# Midterm Study Guide Project

## By Austin Lim

Sheppard Chem 4th period

## Significant Figures

To start off Significant Figures are each of the digits of a number that are used to express it to the required degree of accuracy, starting from the first nonzero digit.

Rules of Significant Numbers

1. The numbers 1-9 are always significant.

2. Zero is significant only under the following conditions

• When the zero is between two significant figures (Ex:102, 3005)
• Zero is also significant if it follows a decimal point after a significant figure. (Ex: 7.0)
• When it follows after a decimal point and a significant figure. (Ex: 4.750)
3. However Zero is not a significant number under the following conditions
• When zero is used as a placeholder preceding a decimal point. (Ex: 0.75)
• Zero is not significant after a decimal, but before a significant figure. (Ex:0.0077)

If more help is needed here is a link to a video that can help : https://www.khanacademy.org/math/arithmetic/decimals/significant_figures_tutorial/v/significant-figures

## Cation and Anions

How do we determine whether an element will become a cation or an anion when it becomes an ion?

First we need to know what they are...

Ion: Formed when a neutral atom gains or loses electron(s).

Cation: Formed when a neutral atom loses an electron(s) and becomes positively charged.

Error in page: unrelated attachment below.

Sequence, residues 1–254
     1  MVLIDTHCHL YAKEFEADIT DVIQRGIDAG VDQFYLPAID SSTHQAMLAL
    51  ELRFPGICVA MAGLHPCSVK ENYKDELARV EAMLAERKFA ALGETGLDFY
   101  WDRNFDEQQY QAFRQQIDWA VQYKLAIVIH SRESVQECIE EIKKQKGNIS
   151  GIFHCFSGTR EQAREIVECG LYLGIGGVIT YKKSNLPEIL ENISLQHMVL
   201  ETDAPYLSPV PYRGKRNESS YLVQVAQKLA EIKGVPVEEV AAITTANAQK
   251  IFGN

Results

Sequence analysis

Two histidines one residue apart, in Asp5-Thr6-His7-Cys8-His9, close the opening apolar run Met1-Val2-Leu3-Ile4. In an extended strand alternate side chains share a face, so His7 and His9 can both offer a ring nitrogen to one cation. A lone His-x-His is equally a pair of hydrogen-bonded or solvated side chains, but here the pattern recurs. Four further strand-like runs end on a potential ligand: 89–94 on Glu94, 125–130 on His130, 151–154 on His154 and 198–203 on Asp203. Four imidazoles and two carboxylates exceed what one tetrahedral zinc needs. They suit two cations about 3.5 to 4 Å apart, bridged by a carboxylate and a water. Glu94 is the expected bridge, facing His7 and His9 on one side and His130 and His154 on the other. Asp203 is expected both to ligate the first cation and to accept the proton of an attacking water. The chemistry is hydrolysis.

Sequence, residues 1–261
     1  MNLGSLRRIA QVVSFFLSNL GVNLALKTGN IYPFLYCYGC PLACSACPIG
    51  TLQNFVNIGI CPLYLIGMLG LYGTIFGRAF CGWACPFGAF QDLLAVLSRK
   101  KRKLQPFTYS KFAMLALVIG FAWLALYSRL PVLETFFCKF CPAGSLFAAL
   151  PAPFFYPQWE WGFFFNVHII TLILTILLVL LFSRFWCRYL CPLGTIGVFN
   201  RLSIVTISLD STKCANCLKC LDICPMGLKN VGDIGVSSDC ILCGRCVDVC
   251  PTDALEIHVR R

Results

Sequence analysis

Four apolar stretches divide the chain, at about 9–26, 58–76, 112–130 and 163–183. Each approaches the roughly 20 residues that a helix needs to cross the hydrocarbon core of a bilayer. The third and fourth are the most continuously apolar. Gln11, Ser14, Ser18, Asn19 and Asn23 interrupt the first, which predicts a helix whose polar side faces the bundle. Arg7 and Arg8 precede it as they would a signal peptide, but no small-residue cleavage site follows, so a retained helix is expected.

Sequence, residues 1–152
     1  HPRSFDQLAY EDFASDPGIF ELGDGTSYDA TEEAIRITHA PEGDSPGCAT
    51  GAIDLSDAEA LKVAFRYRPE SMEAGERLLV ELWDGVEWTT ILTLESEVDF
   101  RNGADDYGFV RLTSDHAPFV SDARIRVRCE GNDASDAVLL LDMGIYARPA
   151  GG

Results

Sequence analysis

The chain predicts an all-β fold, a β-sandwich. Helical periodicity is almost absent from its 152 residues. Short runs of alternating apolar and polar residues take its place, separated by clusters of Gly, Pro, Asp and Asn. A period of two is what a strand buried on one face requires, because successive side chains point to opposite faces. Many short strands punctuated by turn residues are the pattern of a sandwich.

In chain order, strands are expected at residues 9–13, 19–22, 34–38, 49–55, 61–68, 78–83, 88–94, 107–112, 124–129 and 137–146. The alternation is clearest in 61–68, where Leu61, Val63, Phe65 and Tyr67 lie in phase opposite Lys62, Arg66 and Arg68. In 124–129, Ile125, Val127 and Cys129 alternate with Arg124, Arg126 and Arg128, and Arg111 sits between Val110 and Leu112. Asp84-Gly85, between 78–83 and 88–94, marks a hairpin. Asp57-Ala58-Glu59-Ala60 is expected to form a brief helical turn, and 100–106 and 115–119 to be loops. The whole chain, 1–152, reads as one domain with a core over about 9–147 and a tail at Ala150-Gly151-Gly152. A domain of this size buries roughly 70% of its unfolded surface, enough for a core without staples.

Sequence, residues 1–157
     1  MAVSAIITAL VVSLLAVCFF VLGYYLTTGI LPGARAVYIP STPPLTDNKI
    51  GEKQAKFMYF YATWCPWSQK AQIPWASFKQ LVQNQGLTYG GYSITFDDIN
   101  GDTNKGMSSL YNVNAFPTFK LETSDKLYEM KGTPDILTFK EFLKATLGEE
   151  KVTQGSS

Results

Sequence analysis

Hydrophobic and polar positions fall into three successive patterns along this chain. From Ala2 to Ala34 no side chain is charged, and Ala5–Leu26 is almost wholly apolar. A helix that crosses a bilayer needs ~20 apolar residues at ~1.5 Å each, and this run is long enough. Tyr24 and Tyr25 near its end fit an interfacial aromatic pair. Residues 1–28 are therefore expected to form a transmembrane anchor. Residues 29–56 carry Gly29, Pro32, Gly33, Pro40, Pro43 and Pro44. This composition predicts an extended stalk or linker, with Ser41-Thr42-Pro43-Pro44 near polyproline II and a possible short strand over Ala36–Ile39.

Anion: Formed when a neutral atom gains an electron(s) and becomes negatively charged.

Ions from Metal Elements

Generally metals lose electrons to form cations with a positive charge equal to the group number. This connects with the octet rule because the metals 'revert' to the octet for the previous row in the periodic table.

Ex: Potassium (K) is in group 1 and has one valence electron and forms a K^1+ (plus 1 charged) cation.

Ions from Nonmental Elements

Generally nonmetal atoms gain electrons to form ions with a negative charge. This connects into the octet rule for their row in the periodic table. To get the charge, the charge equals the group number subtracted by 8. (charge = group number - 8)

Ex: Fluorine (F) is in group 17 and has 7 valence electrons . To get the charge you would subtract 8 from 7 which will give you - 1 . So Fluorine forms a F^1- (negative 1 charged) anion.

If more help is needed this video may help: